By Conor Humphries
MOSCOW, Feb 1 (Reuters) - Twenty-three people died in a fire that destroyed a wooden old people’s home in northwest Russia, and preliminary evidence indicated the blaze began in the smoking room, officials said on Sunday.
Fire gutted the single-storey log building in the village of Podyelsk, about 1,000 km (625 miles) northeast of Moscow, on Saturday evening, the Emergencies Ministry said in a statement on its website, www.mchs.gov.ru.
Ministry photographs showed flames engulfing a dozen windows along the side of the log building in the Komi republic. Firefighters tackled the blaze amid thick smoke and temperatures as low as minus 35 Celsius.
"Twenty-three people died," said Svetlana Korovchenko, a spokeswoman for the State Prosecutor’s Investigative Committee in the republic. Earlier reports said 22 had died.
The fire was extinguished early on Sunday, the ministry said. Video footage showed scarred human remains lying amid blackened beams, some covered in icicles.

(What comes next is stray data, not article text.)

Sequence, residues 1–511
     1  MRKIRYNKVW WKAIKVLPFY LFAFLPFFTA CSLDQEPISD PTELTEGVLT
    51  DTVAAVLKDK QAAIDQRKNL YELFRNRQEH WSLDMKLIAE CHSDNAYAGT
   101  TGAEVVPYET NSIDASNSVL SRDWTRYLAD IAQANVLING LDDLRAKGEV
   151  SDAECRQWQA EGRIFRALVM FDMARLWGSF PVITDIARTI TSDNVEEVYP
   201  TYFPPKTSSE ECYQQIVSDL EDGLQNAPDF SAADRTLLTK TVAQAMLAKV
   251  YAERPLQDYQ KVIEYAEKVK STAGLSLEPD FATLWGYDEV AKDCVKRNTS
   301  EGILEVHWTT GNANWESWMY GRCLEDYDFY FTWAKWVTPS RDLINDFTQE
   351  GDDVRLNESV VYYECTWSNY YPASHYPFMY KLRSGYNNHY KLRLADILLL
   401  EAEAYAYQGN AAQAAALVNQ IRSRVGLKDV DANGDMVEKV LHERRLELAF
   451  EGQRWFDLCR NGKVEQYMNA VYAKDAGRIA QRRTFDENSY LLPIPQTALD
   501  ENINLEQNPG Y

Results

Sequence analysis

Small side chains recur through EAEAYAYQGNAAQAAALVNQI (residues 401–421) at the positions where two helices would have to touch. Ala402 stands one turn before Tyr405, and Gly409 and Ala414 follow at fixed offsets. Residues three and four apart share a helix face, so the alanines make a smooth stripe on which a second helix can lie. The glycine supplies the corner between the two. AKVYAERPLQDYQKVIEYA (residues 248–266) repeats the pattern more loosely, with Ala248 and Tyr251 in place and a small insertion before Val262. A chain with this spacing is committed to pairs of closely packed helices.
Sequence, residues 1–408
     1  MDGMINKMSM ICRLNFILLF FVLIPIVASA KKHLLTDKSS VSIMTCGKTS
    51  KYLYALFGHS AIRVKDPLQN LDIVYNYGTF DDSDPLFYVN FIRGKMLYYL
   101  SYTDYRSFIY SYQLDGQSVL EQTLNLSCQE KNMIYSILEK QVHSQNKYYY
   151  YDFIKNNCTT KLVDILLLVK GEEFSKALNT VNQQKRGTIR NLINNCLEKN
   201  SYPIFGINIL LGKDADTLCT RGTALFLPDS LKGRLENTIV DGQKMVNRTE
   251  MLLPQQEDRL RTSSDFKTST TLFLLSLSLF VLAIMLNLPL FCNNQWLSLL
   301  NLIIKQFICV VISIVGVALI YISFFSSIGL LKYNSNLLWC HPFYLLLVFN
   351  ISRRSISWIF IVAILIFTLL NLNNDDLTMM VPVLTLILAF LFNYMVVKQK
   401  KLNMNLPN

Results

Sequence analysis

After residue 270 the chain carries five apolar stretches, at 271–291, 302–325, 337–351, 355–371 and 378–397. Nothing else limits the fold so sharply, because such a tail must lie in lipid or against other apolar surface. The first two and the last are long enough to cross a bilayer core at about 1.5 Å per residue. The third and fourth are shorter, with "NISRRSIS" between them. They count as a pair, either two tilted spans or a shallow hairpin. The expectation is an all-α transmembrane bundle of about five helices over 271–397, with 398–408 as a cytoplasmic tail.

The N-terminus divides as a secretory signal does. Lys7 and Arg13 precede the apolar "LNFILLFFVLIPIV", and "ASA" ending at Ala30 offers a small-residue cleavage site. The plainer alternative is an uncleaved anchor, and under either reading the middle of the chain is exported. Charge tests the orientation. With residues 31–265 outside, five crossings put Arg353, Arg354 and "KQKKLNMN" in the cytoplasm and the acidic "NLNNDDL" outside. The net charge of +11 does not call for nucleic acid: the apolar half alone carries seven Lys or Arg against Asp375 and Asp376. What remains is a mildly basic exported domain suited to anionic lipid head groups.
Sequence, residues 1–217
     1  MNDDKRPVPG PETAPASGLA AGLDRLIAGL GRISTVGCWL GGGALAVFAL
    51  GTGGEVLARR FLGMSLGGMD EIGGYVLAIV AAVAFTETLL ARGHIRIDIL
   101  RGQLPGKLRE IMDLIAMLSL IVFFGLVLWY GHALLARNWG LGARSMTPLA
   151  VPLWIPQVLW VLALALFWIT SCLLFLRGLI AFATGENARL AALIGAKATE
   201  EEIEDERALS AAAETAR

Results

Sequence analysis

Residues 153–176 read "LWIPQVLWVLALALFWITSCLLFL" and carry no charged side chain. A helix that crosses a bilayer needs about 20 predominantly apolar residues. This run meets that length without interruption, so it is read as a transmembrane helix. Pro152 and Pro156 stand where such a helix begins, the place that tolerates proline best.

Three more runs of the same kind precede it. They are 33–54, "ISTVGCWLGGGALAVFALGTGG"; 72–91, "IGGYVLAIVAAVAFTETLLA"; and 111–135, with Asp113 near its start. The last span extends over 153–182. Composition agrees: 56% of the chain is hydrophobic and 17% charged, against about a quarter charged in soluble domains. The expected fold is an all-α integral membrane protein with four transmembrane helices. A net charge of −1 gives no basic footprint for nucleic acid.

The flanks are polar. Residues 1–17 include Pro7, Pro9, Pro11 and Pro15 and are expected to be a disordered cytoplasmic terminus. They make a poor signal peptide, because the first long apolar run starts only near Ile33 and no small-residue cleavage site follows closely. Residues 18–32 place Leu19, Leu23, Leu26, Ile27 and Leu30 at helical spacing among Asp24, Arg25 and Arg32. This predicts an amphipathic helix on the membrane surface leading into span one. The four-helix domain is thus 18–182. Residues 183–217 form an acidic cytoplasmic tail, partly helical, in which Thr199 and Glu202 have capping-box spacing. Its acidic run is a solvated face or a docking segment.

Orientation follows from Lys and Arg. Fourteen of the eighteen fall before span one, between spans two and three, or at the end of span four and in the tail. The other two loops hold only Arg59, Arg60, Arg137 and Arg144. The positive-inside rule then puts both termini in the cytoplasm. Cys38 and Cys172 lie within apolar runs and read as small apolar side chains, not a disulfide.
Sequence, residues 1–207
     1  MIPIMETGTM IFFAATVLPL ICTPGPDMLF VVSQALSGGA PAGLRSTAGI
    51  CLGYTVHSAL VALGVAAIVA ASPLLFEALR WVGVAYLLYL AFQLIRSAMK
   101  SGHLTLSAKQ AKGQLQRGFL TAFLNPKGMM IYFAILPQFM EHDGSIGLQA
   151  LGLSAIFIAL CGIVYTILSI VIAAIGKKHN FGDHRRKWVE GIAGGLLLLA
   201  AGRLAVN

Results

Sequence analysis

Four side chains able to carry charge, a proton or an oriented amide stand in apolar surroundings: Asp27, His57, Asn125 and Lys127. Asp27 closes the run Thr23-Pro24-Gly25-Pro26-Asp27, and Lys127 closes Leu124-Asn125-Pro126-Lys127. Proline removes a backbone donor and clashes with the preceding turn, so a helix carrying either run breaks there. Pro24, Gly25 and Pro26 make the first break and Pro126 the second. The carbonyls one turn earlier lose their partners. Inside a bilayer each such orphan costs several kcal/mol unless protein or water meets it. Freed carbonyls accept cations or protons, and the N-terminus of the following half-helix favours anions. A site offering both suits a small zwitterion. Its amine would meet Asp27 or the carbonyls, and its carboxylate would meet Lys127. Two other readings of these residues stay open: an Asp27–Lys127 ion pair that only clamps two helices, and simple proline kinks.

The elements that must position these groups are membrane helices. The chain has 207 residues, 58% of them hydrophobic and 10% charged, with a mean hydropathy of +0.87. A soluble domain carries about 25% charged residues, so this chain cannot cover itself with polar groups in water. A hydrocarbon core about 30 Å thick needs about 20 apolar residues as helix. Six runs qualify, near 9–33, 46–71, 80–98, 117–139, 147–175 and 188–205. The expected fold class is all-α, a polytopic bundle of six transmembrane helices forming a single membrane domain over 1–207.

Three residents were saved and all three staff members on duty survived, and were being questioned by prosecutors.
The Emergencies Ministry said the fire appeared to have started in the building’s smoking room.
The blaze raised renewed concern over lax fire safety in Russia. Slow evacuation procedures have been blamed for previous deaths, and fire escapes in Soviet-era buildings can be blocked or locked for security.
Care homes have been particularly vulnerable: 62 patients and staff died in a March 2007 fire in an old people’s home in southern Krasnodar, and 32 died in November 2007 near the city of Tula, 200 km (125 miles) south of Moscow.
Inspectors had found fire safety violations at the Komi building before, but nothing was done to rectify them, RIA Novosti news agency quoted Kremlin envoy Ilya Klebanov as saying.
"These problems were systematically ignored and this led to the tragedy," he was quoted as saying after arriving in Komi early on Sunday to investigate the fire.
The Komi republic is sparsely populated and covered mostly by forests and swamps. It holds significant reserves of oil, coal, diamonds and bauxite. (Additional reporting by Robin Paxton, editing by Tim Pearce)